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UNWTO brings experts together


Reducing global tourism emissions

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Reducing global tourism emissions
Image via businessaviationlawblog.com

Dec 02, 2012

In its on-going effort to cut global tourism emissions, UNWTO brought together experts from United Nations agencies and Oxford University at UN climate change talks in Qatar to present the latest strategies helping to reduce tourism’s contribution to global warming.

Cutting-edge alternative aircraft fuels, emissions trading schemes for aviation, water recycling systems on cruise liners, and improvements in hotel insulation were among the innovations presented during the UNWTO side event, The Tourism Sector Response to Climate Change, at the 18th Conference of the Parties to the UN Framework Convention on Climate Change (COP18) in Doha, Qatar (November 29, 2012).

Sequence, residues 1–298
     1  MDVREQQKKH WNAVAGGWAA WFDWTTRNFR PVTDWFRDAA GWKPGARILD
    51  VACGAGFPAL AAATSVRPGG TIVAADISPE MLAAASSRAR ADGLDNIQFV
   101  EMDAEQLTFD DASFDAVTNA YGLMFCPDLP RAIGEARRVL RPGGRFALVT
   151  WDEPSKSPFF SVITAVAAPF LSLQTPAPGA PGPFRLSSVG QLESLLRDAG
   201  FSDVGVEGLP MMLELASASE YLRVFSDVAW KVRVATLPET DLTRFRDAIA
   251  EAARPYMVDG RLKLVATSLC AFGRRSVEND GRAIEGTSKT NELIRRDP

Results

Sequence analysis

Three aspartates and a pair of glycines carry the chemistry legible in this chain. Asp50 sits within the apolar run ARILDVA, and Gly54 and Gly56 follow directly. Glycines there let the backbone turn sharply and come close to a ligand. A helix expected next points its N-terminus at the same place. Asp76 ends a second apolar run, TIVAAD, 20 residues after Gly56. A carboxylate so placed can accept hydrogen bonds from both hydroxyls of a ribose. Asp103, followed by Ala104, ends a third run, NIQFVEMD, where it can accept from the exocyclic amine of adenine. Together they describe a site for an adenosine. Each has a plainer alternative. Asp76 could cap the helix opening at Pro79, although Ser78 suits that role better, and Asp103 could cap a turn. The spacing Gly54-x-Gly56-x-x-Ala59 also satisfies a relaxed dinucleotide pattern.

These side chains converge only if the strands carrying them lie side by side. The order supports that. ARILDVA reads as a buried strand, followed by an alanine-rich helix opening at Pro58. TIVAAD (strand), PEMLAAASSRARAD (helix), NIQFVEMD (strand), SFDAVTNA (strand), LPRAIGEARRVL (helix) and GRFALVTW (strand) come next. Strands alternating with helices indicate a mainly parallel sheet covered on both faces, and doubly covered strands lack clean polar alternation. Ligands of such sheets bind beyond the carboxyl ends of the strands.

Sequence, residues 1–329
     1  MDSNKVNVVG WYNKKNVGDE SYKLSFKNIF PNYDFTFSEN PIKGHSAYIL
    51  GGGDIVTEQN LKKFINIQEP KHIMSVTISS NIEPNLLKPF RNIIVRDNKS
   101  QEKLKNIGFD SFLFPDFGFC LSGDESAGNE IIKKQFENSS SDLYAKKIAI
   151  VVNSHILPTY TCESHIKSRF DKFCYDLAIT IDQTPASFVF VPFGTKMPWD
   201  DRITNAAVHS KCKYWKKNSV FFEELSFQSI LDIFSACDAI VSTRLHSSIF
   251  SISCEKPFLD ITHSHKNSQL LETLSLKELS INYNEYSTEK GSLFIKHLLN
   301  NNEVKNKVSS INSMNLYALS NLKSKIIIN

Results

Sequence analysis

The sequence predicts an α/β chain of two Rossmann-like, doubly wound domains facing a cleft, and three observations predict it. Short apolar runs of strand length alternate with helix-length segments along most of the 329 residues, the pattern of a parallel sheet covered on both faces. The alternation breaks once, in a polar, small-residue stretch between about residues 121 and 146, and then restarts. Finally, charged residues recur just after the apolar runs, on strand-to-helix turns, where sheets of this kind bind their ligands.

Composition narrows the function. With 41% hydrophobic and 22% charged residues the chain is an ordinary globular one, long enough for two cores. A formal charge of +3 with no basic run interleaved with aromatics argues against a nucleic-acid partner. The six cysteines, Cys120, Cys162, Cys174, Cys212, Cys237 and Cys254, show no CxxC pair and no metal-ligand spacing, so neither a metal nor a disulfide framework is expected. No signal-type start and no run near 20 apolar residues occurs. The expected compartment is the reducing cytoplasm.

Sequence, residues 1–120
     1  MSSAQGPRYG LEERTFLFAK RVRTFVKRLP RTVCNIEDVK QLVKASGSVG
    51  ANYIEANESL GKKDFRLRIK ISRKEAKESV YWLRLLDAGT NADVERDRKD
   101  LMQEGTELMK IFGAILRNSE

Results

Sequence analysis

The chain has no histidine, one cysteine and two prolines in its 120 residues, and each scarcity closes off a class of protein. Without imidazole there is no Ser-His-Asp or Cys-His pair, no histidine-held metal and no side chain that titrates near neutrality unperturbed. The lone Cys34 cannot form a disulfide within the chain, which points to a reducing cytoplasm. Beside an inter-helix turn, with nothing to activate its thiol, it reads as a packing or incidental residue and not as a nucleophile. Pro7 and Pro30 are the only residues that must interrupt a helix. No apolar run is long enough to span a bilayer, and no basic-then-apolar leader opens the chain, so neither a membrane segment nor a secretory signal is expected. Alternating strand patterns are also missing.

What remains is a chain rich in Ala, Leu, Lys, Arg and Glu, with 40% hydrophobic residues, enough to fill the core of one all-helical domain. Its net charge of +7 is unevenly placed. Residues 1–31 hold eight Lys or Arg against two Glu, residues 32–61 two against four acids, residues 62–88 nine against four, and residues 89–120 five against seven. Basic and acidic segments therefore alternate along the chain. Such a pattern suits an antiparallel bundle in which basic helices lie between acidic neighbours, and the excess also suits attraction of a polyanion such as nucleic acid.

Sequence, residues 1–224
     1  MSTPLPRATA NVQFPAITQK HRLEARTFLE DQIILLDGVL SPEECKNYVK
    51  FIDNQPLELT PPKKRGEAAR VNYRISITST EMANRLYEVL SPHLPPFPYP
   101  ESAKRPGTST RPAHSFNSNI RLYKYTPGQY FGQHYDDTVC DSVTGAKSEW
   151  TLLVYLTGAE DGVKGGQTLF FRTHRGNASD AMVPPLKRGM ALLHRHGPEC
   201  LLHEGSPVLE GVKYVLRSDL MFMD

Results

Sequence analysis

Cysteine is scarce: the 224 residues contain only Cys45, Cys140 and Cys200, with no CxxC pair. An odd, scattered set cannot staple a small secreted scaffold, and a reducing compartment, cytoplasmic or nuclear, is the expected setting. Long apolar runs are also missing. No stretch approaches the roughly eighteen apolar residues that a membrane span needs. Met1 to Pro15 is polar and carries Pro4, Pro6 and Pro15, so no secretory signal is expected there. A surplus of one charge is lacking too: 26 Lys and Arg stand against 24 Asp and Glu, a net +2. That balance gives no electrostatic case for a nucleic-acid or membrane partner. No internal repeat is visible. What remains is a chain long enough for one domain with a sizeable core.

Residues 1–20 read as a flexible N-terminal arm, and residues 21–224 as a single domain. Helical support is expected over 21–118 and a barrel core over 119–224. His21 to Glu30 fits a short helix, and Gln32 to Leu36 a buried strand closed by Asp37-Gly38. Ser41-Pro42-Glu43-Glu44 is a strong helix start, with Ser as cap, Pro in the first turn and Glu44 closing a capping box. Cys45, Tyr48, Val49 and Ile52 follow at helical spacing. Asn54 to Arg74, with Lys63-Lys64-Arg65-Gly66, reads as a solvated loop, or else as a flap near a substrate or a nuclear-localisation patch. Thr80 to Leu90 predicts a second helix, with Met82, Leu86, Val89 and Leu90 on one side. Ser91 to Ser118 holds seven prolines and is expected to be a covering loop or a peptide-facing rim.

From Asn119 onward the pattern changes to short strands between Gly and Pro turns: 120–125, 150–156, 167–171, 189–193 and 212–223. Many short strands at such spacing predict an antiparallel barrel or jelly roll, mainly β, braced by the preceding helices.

“As tourism continues to grow, providing economic opportunities and jobs for millions worldwide, its carbon dioxide emissions are also on the up,” said UNWTO Secretary-General, Taleb Rifai, ahead of the event, “We have a window of opportunity right now to move away from business-as-usual policies and to put the right strategies in place to significantly reduce our emissions.”

On the occasion of the event, which counted on the participation of the International Civil Aviation Organization (ICAO); the International Maritime Organization (IMO); the Oxford University Centre for the Environment; and the UN Educational, Scientific and Cultural Organization (UNESCO); UNWTO officially launched the publication, Tourism in the Green Economy.

The publication builds on the tourism chapter of the 2011 UNWTO/UN Environment Program (UNEP) Green Economy Report, which finds that an investment of just 0.2% of global GDP per year between now and 2050 would allow the tourism sector to grow steadily over the coming decades, contributing to much-needed economic growth, employment, and development while ensuring significant environmental benefits such as reductions in water consumption (18%), energy use (44%), and CO2 emissions (52%), as compared to a business-as-usual scenario.

Source: unwto.org




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